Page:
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Histology FAQ
Histology FAQ

FAQ

Is prolonged time in fixative bad for the specimen?

Depends. If you plan on only performing H&E or simple dye staining on the specimen, then no, prolonged fixation will not harm the tissue. But if you plan on performing immunohistochemical staining on the specimen, prolonged exposure to fixative can hinder the quality of IHC staining. To minimize this, transfer the fixed specimens to 70% alcohol.

How quickly is tissue “fixed” once it’s placed in 10% formalin?

Once again, the answer is “depends”. Fixative takes much longer to permeate firm tissue (such as uterus) or encapsulated tissue (such as kidneys or lymph nodes) than loose or hollow structures. For quicker fixation, large, solid organs should be “bread-sliced” (multiple incisions every few centimeters) and placed in 10-times its volume of fixative. As a very general rule, formalin penetrates at approximately 1cm per hour at normal atmospheric pressure and at room temperature. Here is a good article on the subject: http://www.histosearch.com/ADP12HowMuchFormalinIsEnough.pdf

Can you perform an Oil Red O (or any other stain for fat) on a paraffin processed tissue?

During routine paraffin processing, tissue is exposed to alcohol. Alcohol dissolves adipose (fat) tissue. On H&E-stained sections, adipose tissue appears as large, hollow, un-stained cells. This is because only the cell membrane retains the stain. The fat is no longer there and does not stain. The Oil Red O stain will only work on frozen sections, since this tissue has never been exposed to alcohol.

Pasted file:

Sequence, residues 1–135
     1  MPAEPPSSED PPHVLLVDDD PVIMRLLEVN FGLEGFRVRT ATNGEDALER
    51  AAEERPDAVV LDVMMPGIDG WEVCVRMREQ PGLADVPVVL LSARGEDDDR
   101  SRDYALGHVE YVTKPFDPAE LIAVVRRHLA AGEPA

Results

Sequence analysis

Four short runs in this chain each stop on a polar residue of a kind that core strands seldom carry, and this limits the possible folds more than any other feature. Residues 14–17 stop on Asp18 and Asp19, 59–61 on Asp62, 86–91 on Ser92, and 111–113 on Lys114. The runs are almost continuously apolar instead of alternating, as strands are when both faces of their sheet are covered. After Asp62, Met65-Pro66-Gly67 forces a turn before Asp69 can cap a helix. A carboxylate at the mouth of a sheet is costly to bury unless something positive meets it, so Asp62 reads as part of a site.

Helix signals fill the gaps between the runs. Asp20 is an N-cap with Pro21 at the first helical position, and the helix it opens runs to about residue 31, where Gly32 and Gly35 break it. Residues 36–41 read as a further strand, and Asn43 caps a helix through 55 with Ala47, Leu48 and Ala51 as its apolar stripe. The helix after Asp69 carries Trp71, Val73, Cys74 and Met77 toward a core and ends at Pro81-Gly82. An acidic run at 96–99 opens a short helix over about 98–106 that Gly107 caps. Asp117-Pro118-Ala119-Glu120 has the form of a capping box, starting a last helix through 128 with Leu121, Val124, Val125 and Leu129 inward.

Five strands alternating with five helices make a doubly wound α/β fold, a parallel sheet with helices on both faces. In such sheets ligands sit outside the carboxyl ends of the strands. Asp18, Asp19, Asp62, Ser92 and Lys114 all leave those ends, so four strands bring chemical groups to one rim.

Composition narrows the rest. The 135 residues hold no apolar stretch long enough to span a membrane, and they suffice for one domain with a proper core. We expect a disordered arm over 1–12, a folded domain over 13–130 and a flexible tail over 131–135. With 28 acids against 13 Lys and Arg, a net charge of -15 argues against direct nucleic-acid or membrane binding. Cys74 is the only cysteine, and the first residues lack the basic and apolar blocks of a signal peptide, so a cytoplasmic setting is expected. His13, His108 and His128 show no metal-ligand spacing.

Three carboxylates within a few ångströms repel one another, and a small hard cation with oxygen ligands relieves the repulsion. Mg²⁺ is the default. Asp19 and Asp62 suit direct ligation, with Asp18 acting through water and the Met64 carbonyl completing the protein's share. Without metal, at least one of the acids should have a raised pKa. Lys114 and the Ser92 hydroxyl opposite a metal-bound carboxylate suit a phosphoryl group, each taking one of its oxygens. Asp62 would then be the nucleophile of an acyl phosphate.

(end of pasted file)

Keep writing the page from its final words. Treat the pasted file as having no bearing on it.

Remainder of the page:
Why do you require a specimen manifest with each order?

A neatly typed and organized specimen manifest helps us in many ways. All specimens are matched up to the manifest and any discrepancy is immediately taken care of by notifying the client that one or more specimen is missing. Also, many specimen containers are labeled by handwriting which of often illegible. A typed manifest allows us to verify the questionable labeling. Lastly, slides and slide labels are made using the manifest. When the order is completed, there should be no orphaned slide or paraffin block. If there is, than a full investigation is initiated to find out why there is a discrepancy.

Will sending specimens for a Saturday delivery speed up my turn-around?

Probably not. Specimens are logged in Monday through Friday, so any specimen arriving on a Saturday will sit in receiving until Monday anyway, so save your money and have your specimen delivered on Monday.

What is the turnaround time for histology orders?

Orders are placed in different queues depending on the type of request and then processed on a first come first served basis. RUSH orders always have the fastest turnaround. PRIORITIES are completed after all RUSH orders are completed but before any ROUTINE orders are started. ROUTINE orders are worked on only after all RUSH and PRIORITY orders are completed. As a very general rule, RUSH orders are completed in a few days, PRIORITY orders are completed within two (2) weeks and ROUTINE orders are completed within four (4) weeks. Turnaround time also depends on the number of specimens per order and the number of research orders already in the queue.